Background: We tested whether provider quality and cost information had a meaningful impact on health care quality and costs at two large employers that introduced a transparent provider profiling system in 2006. Using retrospective claims from enrollees representing 3,928 covered lives in these two firms where the insurer was the sole provider of health insurance, we addressed two questions: 1) Did patients switch to higher quality and more efficient doctors when the provider rankings became available? 2) What is the effect of switching on total expenditures, out-of-pocket expenditures, and use of preventive services? Methods: We used nonlinear regression to identify factors associated with improvement in quality and cost efficiency of providers seen by covered enrollees. We used difference-in-differences regression to test the impact on expenditures and use of preventive services of those who switched to higher-rated physicians. Results: Age, illness burden, and female are positively associated with improvement in provider quality and efficiency. Provider portfolio improvement had a negative impact on expenditures, but the story with respect to prevention is mixed: preventive visits go up when the patient has an improved provider portfolio, but utilization of diagnostic screening procedures goes down. Conclusions: A common concern in medical markets is the lack of information for consumers to shop for health care. We find consumers exhibit behaviors that suggest they use such information when it is available and useful. These results suggest that consumers could process additional price and quality information to gain more value from their health insurance benefits.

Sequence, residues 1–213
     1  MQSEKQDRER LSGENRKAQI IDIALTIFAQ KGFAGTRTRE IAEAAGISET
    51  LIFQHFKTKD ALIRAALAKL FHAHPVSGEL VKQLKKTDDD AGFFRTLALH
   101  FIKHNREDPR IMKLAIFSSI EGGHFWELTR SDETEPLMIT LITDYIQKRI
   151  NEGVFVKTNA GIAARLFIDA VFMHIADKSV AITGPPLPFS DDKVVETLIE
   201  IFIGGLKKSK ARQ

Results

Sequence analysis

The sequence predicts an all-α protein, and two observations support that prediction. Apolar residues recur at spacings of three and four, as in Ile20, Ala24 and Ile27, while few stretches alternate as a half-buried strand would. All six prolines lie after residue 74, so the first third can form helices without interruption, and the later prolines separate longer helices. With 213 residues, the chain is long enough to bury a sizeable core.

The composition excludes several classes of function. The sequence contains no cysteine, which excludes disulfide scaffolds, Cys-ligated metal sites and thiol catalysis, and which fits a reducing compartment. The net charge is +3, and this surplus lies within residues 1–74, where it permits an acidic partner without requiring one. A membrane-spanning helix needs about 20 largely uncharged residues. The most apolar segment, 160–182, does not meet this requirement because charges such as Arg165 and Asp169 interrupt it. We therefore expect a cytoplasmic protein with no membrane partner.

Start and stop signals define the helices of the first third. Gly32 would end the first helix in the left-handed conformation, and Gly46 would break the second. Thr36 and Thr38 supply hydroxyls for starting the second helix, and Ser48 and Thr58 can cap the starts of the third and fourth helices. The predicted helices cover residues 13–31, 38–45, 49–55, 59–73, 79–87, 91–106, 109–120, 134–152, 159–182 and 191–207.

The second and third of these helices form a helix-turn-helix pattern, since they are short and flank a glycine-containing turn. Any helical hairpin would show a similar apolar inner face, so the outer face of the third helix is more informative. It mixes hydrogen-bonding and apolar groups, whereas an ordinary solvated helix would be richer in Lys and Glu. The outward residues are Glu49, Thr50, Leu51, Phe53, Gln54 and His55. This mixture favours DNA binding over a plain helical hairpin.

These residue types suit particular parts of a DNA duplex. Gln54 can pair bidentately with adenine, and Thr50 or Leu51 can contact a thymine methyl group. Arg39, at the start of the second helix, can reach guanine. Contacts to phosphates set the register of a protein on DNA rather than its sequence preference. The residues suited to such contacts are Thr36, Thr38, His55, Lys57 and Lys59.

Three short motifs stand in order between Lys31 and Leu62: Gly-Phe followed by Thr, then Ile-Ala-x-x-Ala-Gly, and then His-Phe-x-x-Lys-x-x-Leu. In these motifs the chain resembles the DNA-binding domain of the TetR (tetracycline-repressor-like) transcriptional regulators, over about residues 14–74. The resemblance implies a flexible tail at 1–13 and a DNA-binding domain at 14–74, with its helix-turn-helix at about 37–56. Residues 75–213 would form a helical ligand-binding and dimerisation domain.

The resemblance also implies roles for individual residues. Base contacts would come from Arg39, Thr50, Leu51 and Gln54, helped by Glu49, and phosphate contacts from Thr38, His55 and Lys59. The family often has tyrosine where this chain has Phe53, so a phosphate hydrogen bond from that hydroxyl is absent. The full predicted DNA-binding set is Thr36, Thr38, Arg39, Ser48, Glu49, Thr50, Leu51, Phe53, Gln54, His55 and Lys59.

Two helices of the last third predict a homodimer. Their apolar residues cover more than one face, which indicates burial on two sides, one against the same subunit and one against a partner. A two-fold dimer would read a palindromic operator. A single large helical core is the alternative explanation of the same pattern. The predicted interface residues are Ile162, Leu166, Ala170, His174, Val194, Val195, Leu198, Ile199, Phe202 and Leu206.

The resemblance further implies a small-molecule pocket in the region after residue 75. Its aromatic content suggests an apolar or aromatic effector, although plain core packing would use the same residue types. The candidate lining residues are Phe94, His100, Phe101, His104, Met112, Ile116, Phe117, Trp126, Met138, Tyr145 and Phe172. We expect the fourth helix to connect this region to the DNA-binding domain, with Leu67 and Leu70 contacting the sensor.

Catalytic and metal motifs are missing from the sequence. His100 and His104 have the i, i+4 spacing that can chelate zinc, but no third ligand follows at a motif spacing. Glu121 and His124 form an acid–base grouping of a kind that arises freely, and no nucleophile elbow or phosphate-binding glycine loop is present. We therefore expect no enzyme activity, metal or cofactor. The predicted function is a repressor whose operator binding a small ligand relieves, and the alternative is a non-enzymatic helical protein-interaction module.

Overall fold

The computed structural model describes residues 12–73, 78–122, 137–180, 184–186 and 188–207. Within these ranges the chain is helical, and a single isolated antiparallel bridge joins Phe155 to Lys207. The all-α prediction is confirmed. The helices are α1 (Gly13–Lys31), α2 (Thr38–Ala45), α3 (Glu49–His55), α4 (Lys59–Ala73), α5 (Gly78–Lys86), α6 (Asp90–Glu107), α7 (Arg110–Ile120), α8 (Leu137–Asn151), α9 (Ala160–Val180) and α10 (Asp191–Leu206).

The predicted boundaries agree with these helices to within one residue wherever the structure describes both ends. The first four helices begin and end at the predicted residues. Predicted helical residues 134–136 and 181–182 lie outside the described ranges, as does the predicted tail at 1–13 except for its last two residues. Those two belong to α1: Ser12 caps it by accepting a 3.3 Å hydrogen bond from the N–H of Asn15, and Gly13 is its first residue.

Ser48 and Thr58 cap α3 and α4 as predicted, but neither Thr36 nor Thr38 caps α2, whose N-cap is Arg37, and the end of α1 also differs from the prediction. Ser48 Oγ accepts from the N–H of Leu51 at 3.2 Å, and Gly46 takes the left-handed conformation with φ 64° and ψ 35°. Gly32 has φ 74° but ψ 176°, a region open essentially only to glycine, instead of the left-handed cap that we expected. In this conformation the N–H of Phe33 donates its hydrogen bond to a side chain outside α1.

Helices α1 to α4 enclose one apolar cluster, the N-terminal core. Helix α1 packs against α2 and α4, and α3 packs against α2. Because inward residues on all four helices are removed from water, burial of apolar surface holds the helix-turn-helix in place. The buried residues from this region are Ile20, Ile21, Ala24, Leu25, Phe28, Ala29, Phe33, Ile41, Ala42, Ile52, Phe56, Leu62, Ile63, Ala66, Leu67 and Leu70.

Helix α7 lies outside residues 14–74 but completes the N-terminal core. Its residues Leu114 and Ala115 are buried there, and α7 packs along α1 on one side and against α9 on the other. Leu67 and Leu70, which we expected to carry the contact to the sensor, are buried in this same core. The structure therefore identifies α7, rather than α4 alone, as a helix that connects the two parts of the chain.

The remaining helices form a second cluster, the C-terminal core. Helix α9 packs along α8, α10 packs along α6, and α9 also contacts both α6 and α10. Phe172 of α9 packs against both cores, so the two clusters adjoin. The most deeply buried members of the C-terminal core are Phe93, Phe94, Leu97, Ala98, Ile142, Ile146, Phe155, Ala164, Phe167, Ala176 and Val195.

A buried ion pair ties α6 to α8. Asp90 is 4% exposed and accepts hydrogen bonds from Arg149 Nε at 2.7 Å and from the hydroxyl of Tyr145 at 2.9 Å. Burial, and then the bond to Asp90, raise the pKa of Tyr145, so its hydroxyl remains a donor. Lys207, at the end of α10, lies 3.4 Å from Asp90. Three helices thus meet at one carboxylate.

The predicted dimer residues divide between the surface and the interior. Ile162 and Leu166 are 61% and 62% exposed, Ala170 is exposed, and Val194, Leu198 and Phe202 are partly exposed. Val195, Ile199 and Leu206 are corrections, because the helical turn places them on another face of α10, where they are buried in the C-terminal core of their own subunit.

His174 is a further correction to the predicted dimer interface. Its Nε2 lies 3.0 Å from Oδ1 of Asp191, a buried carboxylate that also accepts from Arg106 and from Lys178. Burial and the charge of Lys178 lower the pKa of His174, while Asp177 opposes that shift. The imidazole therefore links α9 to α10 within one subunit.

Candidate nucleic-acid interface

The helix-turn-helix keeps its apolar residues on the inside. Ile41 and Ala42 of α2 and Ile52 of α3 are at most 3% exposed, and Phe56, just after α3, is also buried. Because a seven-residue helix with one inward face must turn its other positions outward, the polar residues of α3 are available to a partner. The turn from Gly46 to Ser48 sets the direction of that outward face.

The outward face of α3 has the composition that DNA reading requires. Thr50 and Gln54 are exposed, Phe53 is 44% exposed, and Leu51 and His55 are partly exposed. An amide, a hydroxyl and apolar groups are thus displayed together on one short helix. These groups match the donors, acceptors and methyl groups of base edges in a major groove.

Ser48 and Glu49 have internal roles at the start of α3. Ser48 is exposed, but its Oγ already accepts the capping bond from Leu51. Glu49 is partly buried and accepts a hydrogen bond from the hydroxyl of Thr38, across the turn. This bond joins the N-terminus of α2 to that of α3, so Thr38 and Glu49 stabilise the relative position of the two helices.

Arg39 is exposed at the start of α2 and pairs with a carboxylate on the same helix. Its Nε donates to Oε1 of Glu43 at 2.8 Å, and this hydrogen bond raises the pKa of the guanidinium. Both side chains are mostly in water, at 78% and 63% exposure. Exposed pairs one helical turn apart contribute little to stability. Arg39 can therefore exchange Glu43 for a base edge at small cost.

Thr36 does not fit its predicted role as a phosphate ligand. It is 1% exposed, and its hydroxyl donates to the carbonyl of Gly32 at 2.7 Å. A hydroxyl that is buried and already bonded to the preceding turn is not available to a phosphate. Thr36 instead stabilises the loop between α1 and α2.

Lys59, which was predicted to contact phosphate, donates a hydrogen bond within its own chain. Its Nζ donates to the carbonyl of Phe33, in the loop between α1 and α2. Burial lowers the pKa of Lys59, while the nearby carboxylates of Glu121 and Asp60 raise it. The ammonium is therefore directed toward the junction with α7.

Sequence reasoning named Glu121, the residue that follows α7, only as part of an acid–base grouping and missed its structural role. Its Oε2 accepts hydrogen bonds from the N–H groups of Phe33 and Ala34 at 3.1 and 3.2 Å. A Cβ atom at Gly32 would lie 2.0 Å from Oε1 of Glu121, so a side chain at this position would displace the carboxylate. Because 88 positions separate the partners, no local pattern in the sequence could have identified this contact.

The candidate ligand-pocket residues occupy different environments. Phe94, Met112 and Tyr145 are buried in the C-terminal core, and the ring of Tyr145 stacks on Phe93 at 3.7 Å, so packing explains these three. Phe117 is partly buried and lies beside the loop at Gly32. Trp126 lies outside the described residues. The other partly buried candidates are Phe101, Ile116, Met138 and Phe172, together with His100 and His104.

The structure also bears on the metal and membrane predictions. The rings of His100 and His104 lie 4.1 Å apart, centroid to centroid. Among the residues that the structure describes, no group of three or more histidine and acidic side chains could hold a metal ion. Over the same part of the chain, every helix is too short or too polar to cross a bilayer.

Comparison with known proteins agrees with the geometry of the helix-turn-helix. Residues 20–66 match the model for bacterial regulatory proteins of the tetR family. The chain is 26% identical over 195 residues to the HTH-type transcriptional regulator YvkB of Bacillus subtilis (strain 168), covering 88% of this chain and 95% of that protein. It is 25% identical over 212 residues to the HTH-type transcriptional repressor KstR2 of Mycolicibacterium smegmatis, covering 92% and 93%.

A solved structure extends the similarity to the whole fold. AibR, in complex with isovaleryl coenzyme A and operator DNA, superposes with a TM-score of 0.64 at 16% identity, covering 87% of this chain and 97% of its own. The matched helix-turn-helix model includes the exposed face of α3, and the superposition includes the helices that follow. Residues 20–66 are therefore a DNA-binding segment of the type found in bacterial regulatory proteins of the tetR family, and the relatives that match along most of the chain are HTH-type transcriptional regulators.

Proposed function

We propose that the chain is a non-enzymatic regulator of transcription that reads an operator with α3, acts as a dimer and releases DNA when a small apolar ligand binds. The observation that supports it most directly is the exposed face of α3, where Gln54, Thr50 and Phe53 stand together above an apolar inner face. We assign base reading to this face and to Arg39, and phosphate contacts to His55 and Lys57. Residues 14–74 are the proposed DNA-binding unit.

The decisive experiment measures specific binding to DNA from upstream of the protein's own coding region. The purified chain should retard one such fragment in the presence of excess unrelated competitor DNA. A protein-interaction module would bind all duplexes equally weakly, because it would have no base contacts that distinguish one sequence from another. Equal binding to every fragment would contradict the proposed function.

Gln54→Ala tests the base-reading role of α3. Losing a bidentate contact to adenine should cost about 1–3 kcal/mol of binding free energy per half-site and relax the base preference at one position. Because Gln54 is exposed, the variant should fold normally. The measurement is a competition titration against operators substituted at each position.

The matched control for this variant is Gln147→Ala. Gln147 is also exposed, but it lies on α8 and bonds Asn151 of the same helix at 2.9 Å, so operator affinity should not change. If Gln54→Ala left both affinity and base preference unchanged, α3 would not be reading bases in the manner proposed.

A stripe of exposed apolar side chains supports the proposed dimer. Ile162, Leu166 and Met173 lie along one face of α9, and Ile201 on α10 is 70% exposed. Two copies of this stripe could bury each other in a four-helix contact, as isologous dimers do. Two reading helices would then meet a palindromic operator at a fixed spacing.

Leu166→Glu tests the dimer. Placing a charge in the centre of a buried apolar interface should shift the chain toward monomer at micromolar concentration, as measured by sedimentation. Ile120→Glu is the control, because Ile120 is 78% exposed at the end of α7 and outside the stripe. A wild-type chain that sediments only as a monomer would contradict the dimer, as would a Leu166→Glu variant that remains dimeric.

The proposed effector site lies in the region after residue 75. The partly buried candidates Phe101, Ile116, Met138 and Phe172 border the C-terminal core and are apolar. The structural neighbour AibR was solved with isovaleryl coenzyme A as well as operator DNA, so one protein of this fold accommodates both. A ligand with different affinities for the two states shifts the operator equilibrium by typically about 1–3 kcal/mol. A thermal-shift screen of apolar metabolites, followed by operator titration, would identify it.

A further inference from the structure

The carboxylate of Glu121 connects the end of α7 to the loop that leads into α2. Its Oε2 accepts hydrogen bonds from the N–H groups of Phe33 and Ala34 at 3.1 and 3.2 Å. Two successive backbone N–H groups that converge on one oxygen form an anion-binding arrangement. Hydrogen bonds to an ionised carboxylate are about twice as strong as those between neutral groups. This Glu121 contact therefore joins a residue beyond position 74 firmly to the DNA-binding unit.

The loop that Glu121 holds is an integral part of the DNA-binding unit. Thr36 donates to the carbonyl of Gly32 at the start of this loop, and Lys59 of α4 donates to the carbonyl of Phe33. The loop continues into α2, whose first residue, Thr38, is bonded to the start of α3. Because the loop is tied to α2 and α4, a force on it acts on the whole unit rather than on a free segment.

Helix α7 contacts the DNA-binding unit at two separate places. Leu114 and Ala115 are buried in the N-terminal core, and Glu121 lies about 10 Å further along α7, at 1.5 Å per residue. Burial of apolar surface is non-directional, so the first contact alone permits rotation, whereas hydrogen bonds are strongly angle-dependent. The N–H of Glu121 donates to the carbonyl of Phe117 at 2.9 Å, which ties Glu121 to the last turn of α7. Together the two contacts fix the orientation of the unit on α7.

Stephen T Parente, Roger Feldman and Lewis Sandy